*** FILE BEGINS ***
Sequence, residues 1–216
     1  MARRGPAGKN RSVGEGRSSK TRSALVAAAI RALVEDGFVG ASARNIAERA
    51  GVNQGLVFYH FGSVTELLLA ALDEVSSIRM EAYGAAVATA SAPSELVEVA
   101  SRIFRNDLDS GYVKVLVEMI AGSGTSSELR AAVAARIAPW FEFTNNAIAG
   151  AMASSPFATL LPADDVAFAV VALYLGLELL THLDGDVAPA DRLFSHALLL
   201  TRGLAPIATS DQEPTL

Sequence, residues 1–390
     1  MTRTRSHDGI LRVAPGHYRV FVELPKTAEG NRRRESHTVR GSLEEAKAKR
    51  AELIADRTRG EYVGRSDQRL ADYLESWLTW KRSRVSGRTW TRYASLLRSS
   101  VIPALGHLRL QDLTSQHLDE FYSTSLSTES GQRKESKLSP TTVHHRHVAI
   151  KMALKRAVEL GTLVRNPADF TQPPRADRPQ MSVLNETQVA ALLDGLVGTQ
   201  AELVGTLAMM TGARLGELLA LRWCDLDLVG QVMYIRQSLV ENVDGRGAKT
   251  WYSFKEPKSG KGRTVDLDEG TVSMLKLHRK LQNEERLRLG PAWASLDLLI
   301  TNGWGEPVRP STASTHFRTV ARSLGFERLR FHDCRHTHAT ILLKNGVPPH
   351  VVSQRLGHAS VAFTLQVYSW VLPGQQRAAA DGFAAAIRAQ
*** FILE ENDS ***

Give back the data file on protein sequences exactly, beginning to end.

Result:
Sequence, residues 1–216
     1  MARRGPAGKN RSVGEGRSSK TRSALVAAAI RALVEDGFVG ASARNIAERA
    51  GVNQGLVFYH FGSVTELLLA ALDEVSSIRM EAYGAAVATA SAPSELVEVA
   101  SRIFRNDLDS GYVKVLVEMI AGSGTSSELR AAVAARIAPW FEFTNNAIAG
   151  AMASSPFATL LPADDVAFAV VALYLGLELL THLDGDVAPA DRLFSHALLL
   201  TRGLAPIATS DQEPTL

Sequence, residues 1–390
     1  MTRTRSHDGI LRVAPGHYRV FVELPKTAEG NRRRESHTVR GSLEEAKAKR
    51  AELIADRTRG EYVGRSDQRL ADYLESWLTW KRSRVSGRTW TRYASLLRSS
   101  VIPALGHLRL QDLTSQHLDE FYSTSLSTES GQRKESKLSP TTVHHRHVAI
   151  KMALKRAVEL GTLVRNPADF TQPPRADRPQ MSVLNETQVA ALLDGLVGTQ
   201  AELVGTLAMM TGARLGELLA LRWCDLDLVG QVMYIRQSLV ENVDGRGAKT
   251  WYSFKEPKSG KGRTVDLDEG TVSMLKLHRK LQNEERLRLG PAWASLDLLI
   301  TNGWGEPVRP STASTHFRTV ARSLGFERLR FHDCRHTHAT ILLKNGVPPH
   351  VVSQRLGHAS VAFTLQVYSW VLPGQQRAAA DGFAAAIRAQ